The book of Hebrews describes the role of our resurrected Lord as he performs his heavenly duties as the perfect High priest on our behalf. He continuously makes intercession for us. He hears our cries, feels our pain, understands our difficulties and answers our prayers. He is the one who keeps from falling and intends to present us to his Father faultless and with great joy (Jude 24).
The resurrected Christ has sent the Holy Spirit as he promised, to be alive in the heart of every believer; enabling the believer to live a life that has the victory over sin.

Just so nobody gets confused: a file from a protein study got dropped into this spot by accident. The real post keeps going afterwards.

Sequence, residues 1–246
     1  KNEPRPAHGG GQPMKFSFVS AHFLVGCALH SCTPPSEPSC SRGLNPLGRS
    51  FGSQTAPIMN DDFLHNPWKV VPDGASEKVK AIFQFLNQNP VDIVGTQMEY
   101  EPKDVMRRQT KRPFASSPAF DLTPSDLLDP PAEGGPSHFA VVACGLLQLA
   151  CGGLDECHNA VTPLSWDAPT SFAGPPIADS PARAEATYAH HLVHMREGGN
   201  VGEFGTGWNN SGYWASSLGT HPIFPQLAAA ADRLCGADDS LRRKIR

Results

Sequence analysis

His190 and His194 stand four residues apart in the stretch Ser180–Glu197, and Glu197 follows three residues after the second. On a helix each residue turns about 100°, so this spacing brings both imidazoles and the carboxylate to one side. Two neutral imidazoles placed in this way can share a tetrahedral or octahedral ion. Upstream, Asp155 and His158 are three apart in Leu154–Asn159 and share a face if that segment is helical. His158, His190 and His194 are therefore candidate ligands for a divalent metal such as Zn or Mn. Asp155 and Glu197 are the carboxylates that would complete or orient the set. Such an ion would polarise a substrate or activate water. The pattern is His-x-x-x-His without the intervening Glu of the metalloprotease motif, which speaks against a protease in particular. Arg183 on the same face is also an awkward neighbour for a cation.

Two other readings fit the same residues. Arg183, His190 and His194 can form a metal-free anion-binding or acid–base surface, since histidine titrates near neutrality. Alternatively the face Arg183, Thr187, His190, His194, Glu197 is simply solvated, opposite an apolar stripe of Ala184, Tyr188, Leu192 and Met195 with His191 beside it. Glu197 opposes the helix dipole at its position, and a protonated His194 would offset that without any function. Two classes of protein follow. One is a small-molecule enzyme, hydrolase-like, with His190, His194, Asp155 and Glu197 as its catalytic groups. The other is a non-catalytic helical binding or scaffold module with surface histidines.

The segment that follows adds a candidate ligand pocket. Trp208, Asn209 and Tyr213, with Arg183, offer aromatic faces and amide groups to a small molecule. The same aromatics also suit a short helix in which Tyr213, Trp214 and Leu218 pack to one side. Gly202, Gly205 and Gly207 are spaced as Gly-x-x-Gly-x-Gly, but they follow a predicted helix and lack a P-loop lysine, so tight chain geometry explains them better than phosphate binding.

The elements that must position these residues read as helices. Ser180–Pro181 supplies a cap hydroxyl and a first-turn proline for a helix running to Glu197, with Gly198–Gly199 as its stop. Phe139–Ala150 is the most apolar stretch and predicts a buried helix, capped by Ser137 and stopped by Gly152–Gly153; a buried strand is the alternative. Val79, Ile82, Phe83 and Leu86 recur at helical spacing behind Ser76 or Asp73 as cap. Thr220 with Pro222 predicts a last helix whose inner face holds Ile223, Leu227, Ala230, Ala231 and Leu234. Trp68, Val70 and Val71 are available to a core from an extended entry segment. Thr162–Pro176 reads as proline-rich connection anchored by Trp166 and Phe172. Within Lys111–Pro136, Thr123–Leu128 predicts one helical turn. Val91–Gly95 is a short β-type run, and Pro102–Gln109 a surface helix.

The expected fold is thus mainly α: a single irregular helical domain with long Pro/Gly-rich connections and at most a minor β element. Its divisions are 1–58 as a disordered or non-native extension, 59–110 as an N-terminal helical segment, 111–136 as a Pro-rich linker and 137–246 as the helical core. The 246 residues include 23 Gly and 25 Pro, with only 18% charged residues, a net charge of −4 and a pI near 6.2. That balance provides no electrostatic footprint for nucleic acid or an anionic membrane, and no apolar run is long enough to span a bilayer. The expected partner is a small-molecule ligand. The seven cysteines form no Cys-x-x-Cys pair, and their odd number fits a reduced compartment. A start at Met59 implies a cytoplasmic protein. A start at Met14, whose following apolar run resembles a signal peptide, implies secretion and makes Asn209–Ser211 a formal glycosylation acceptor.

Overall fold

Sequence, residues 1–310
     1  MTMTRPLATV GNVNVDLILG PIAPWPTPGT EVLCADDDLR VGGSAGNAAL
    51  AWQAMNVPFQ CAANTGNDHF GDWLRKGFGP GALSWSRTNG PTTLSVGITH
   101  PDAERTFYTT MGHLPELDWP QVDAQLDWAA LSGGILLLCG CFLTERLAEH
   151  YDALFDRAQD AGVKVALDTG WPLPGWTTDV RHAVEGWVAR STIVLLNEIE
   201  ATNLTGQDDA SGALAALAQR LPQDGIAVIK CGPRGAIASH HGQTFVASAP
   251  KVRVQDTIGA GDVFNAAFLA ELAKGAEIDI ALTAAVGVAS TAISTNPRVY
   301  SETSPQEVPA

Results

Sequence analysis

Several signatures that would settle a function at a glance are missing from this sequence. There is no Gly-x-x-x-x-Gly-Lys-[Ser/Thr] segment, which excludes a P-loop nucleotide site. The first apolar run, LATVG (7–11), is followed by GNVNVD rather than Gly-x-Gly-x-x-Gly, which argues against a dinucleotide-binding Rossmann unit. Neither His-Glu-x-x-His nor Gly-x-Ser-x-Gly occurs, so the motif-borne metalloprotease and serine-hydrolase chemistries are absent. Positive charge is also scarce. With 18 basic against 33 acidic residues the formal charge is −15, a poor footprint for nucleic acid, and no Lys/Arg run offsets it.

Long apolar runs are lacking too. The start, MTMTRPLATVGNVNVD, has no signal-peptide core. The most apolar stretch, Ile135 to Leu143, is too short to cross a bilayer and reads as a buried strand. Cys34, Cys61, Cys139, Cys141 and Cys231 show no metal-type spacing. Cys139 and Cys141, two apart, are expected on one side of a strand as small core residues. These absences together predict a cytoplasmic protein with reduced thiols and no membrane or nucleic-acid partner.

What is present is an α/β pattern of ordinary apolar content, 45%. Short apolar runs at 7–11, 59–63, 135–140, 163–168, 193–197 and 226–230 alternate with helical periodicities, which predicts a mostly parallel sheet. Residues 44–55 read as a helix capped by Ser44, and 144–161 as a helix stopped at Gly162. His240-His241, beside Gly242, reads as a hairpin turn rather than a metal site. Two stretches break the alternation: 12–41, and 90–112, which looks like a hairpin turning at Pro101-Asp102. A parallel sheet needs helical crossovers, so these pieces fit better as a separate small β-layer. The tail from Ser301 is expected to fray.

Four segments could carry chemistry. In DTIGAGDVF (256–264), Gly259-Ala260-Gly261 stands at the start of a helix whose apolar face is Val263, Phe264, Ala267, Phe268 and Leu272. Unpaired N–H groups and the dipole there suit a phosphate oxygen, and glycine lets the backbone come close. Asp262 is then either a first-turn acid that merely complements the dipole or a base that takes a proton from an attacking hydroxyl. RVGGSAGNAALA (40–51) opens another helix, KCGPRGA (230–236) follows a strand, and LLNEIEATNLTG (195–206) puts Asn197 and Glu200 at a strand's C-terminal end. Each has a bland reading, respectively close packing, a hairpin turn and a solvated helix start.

Conducting a Passover ceremony like what ancient Israel did is totally irrelevant today. So too is the meticulous, ceremonial removal of leaven from dwelling places as well as the ritual of eating unleavened bread for seven days. Passover, days of unleavened bread and wave sheaf offering (feasts in ancient Israel) are not only shadows of Christ, his atoning sacrifice and his resurrection but also a shadow of the Gospel. They are a shadow of the Holy Spirit at work in believers to make us holy and to finally bring us to the glorious kingdom of our Lord and Saviour Jesus Christ.